A common problem that a lot of swimmers struggle with is finding
themselves getting psyched out or intimidated by the competition.
You know the drill – you have to race against Larry
Lightening Fast or Linda Lifetime Bests and you get yourself
totally freaked out by them. Your heart starts pounding, your
breathing gets faster and shallower, your muscles tighten and
before you know it, you don't want to race against them. You just
want to get their autograph. They are sooo good! How can you
possibly stay with them? What if they lap you? How embarrassing
will that be?
Here's the interesting thing about psych-outs: No one can psych you out or intimidate
you! I repeat, NO ONE! How good an
opponent is, or how strong, fast or tall they are can't intimidate
you. The times that they've achieved can't intimidate you. The only
way you can get intimidated is if you allow it to happen.
What do I really mean by this?
Swimmers who get psyched out by the competition do so because of
where they put their focus of concentration both before and during
their races. When you concentrate
on whoyou're swimming
against and how fast they are, then you will start to get nervous,
physically tighten up and, as a result, swim poorly. Intimidation can only happen if you allow
your focus to leave “your lane” and what you're doing
and go to your opponent's. When you waste your
precious energy thinking about who you're racing and how great they
are, then your nervous system will jack up into the red zone and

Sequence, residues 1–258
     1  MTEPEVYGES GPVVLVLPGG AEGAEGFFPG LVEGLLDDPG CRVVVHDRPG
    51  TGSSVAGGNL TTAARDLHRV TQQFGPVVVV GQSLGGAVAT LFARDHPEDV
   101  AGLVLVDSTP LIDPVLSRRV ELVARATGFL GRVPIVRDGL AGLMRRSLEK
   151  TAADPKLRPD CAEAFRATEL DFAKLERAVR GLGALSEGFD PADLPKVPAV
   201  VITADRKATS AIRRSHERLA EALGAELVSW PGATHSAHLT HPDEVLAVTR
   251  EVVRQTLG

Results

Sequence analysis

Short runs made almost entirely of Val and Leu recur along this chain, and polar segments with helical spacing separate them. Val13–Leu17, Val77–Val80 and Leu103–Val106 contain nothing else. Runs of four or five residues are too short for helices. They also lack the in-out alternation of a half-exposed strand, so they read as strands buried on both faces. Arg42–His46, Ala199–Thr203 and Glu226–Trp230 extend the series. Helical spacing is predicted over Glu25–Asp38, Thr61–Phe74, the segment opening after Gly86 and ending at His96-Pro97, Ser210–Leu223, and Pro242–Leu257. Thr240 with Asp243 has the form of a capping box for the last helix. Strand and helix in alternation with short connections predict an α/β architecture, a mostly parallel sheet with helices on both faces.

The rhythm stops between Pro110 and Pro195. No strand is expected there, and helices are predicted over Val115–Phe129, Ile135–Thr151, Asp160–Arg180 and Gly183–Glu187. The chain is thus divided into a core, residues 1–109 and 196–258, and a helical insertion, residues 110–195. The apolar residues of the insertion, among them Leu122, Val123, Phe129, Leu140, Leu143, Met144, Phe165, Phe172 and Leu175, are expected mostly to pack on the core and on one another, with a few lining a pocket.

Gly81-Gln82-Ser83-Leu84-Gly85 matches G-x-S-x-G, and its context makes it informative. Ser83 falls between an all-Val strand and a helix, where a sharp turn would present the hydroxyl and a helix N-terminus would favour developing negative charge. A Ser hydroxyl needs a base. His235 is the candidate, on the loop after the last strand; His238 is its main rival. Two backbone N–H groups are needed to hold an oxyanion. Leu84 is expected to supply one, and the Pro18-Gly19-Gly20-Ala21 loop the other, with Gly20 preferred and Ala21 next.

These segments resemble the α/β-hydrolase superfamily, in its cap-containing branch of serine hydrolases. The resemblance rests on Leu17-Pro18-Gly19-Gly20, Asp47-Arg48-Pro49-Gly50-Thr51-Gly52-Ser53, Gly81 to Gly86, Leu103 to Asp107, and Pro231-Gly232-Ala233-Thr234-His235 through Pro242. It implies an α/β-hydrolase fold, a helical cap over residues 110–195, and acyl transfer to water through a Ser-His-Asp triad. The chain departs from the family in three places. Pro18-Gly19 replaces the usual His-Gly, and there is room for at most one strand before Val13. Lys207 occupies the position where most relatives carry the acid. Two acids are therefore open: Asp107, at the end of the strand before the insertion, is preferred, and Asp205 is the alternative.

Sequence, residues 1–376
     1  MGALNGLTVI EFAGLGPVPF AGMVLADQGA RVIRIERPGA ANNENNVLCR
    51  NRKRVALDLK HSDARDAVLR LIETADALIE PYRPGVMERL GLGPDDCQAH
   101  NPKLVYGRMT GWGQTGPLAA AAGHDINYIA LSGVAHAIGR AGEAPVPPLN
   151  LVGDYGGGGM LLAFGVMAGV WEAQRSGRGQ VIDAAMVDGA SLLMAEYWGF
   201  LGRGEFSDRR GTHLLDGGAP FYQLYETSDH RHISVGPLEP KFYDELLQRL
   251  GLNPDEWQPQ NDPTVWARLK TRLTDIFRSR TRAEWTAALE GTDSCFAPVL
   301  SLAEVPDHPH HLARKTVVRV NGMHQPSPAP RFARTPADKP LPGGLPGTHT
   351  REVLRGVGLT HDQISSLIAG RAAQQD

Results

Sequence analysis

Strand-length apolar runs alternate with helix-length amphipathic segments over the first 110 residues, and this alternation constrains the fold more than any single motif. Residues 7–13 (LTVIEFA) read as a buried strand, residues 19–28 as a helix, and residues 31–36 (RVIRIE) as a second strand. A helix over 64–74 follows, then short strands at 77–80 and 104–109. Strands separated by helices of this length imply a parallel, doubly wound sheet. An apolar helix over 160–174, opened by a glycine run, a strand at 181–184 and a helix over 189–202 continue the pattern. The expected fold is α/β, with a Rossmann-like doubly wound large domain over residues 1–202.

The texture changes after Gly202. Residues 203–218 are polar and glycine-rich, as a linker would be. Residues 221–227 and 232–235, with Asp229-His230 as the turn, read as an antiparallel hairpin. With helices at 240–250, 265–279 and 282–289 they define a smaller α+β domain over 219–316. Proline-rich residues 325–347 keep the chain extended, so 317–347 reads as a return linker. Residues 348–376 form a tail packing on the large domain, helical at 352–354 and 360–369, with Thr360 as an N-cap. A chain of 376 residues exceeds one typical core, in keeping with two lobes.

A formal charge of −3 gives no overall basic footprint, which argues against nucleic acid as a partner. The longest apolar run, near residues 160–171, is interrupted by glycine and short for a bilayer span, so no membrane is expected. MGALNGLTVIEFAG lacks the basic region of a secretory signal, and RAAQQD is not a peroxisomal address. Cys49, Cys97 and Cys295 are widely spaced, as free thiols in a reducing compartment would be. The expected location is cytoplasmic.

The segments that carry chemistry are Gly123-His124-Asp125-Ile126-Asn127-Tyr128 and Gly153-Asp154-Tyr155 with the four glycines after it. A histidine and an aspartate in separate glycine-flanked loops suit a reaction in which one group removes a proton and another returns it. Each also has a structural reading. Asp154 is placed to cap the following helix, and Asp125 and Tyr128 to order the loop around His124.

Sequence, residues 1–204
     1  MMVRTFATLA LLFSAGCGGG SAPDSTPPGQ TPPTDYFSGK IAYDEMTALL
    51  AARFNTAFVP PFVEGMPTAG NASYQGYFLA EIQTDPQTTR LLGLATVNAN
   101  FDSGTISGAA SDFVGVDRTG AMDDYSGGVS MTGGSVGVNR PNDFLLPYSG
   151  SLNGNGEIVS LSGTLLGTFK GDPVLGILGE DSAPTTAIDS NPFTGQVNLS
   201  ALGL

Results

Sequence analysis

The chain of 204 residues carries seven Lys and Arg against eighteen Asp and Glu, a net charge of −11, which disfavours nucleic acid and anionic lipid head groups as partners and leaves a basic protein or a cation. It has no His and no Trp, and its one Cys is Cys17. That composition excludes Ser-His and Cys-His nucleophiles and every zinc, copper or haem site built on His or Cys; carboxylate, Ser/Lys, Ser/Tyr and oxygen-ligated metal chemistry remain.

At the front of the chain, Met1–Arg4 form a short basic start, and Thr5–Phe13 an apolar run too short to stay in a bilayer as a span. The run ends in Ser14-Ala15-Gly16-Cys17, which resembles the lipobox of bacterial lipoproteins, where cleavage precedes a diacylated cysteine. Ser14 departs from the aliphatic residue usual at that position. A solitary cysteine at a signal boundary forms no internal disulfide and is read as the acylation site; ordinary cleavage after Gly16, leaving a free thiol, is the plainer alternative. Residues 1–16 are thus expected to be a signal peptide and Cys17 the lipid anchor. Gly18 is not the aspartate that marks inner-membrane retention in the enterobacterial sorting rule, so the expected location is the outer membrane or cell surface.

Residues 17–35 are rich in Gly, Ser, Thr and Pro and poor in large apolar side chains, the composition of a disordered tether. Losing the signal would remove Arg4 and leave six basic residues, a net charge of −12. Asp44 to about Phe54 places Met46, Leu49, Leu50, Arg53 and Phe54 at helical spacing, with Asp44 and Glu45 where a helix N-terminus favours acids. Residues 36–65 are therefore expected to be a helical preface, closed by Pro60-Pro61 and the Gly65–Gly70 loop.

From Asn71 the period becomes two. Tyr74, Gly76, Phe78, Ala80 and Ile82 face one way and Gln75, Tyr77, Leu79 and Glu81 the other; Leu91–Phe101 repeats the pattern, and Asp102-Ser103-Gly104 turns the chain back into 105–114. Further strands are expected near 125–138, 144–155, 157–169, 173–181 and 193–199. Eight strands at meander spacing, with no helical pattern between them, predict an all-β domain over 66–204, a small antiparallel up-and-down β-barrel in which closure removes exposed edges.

you'll shut down performance-wise.
However, if you stay focused on your race
plan, your pre-race ritual and
the feel of yourswim, then you will find
it much easier to stay calm, composed and confident before and
during your races. And when you do, you'll swim the way you're
capable of swimming.
The good news here is that NO ONE can psych you out unless you make
the mental mistake of concentrating on them either before or during
your race. The rule of thumb is always to stay aware of where you
put your focus, and the instant it starts to drift to another
racer, quickly bring your concentration back to what you are doing.
If this happens when you're behind the blocks, then bring your
focus back to your pre-race ritual, whatever it is. Focus on your
stretching, jumping up and down, slapping yourself, etc. If it
happens during your race, then immediately return your focus to
this stroke or this wall and the feel of what you are doing in your
With a little awareness and some practice, you can strengthen your
concentration muscles to the point where you can swim against
anyone without letting them get to you. Remember, YOU are in control